There has been reference to the way in which the share capital is being made available to the company. There has been a suggestion that it would be better for the company itself to raise this money. In my opinion, it makes very little difference how the money is raised. Everyone knows that it is much easier for the Government to raise money than it is for a State body but I am sure that if Comhlucht Siúicre Éireann floated a loan of their own, the money would be readily forthcoming because investors will always follow a good business and will have no hesitation in sinking their money in that business. On the whole, we can claim that our State bodies have rendered a good account of themselves.

Senator O'Sullivan raised a point in which I am also interested, that is, the question of the undeveloped areas, as I would call them, and small farmers living in those places who, as everyone knows, find it very difficult to eke out an existence. It is true to say that they have not benefited very much from the policy of Comhlucht Siúicre Éireann. Of course nobody can blame the company for that because it is only natural that the company should concentrate on those parts of the country where the soil is suitable for the growing of beet and none of us would dream of curtailing their activities in those parts of the country. It is their duty to grow large quantities of beet and therefore, in order to get good quality beet, they must concentrate on places where the soil is suitable.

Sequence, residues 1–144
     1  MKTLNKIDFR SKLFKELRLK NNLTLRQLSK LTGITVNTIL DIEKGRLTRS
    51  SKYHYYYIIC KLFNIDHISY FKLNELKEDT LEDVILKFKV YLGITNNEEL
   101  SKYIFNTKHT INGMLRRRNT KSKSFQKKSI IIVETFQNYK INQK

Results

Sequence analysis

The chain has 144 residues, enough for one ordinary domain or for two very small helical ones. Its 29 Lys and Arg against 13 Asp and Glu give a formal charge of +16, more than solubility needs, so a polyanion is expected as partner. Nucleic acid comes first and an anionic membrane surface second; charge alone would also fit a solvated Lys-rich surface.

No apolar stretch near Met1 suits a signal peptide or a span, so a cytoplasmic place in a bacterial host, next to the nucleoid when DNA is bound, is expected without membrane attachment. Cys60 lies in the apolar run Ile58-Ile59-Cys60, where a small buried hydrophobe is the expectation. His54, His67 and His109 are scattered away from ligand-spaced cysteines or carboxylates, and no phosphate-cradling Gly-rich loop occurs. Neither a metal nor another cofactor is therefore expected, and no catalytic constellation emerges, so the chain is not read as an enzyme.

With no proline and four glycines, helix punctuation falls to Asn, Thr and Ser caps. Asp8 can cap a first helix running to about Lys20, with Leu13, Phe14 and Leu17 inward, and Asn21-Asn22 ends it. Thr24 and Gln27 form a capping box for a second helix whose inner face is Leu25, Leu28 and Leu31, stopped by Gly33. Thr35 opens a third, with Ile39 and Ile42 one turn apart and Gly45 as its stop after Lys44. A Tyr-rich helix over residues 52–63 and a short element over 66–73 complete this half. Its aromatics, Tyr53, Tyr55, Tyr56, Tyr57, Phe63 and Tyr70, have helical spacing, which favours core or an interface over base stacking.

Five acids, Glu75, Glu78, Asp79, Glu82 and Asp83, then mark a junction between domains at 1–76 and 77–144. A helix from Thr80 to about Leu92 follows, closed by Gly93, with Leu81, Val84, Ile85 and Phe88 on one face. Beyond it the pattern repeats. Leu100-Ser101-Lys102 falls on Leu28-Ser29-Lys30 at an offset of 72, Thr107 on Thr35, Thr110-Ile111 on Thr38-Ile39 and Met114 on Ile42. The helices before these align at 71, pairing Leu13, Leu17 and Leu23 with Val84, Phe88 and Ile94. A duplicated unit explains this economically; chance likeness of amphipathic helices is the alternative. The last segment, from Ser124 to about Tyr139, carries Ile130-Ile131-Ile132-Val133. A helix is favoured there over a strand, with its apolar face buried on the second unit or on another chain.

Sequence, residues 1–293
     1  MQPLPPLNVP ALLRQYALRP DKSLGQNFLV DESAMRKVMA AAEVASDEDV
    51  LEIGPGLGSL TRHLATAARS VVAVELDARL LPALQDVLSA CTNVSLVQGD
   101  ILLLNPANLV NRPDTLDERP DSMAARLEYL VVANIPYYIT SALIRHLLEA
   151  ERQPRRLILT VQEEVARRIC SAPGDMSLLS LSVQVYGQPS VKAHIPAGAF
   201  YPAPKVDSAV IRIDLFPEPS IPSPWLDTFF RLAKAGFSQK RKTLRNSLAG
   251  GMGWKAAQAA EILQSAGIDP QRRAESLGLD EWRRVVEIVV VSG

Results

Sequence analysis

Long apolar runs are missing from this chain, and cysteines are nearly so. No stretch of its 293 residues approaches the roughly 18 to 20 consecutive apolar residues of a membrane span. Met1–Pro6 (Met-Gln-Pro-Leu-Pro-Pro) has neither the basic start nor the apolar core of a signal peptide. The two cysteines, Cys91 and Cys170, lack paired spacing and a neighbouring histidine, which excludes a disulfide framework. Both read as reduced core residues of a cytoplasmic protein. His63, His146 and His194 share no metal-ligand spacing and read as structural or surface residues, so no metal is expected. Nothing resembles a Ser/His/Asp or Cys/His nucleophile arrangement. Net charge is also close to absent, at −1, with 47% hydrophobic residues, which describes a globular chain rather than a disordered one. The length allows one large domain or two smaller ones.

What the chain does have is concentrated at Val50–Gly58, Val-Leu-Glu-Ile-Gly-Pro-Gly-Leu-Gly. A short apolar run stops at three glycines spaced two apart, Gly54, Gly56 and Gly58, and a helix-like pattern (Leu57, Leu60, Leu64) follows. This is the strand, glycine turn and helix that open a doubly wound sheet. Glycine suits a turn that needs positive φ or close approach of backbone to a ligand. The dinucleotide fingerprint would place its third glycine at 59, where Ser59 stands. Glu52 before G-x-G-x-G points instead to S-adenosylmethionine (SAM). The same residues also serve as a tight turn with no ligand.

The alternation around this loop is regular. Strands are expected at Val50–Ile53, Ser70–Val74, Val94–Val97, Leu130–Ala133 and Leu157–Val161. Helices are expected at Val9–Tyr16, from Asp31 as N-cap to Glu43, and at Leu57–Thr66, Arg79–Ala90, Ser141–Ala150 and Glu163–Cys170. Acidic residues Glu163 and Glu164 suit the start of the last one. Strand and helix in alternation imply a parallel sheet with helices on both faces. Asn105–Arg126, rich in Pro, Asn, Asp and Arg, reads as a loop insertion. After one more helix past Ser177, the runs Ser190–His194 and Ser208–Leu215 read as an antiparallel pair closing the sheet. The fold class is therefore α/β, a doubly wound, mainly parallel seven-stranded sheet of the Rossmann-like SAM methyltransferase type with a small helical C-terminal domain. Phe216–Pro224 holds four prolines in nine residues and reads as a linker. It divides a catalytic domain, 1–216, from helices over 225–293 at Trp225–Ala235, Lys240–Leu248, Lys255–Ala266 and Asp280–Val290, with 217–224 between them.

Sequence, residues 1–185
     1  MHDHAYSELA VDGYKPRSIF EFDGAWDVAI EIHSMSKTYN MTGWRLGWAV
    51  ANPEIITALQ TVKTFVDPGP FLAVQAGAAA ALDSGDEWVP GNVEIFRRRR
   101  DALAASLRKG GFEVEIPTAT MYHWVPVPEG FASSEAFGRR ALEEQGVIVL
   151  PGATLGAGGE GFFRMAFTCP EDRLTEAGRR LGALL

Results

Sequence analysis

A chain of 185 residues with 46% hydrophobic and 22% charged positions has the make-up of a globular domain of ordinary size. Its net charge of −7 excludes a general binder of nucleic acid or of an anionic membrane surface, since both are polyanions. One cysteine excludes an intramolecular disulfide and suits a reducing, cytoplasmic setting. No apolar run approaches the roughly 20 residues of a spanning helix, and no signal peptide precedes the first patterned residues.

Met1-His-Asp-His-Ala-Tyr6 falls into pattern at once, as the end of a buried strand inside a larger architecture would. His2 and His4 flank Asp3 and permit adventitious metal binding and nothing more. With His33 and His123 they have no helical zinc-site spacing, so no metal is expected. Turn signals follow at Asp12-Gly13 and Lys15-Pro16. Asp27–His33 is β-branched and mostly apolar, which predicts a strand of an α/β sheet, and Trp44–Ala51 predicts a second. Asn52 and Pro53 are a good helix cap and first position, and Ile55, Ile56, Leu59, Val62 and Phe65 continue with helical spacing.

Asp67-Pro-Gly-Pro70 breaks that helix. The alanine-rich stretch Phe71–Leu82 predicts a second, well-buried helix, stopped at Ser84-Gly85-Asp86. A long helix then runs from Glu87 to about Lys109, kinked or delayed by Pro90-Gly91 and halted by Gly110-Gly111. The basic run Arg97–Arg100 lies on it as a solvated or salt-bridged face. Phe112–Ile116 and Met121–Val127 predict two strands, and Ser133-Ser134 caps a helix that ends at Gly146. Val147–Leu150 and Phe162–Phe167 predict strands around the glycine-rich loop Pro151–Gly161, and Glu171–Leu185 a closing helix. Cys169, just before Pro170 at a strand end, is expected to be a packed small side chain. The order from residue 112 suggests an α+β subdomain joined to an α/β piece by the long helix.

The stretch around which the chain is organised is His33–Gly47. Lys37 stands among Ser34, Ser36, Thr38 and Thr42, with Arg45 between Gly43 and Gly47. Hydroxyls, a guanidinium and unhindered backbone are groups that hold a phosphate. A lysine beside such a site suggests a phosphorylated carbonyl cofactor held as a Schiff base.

Because the establishment of a subsidiary company is envisaged in this Bill, now is the time for Comhlucht Siúicre Éireann to turn their attention to the undeveloped areas. I am aware that the managing director of the company has already gone to those areas and has consulted the people. He has held meetings with a view to organising the small farmers to participate in a scheme. I do not yet know exactly how the scheme will work but I believe there will be a liaison between the company and the small farmers in the undeveloped areas with a view to getting them into a scheme by which it will be possible for them to work their holdings much more profitably for themselves and for the nation than up to now.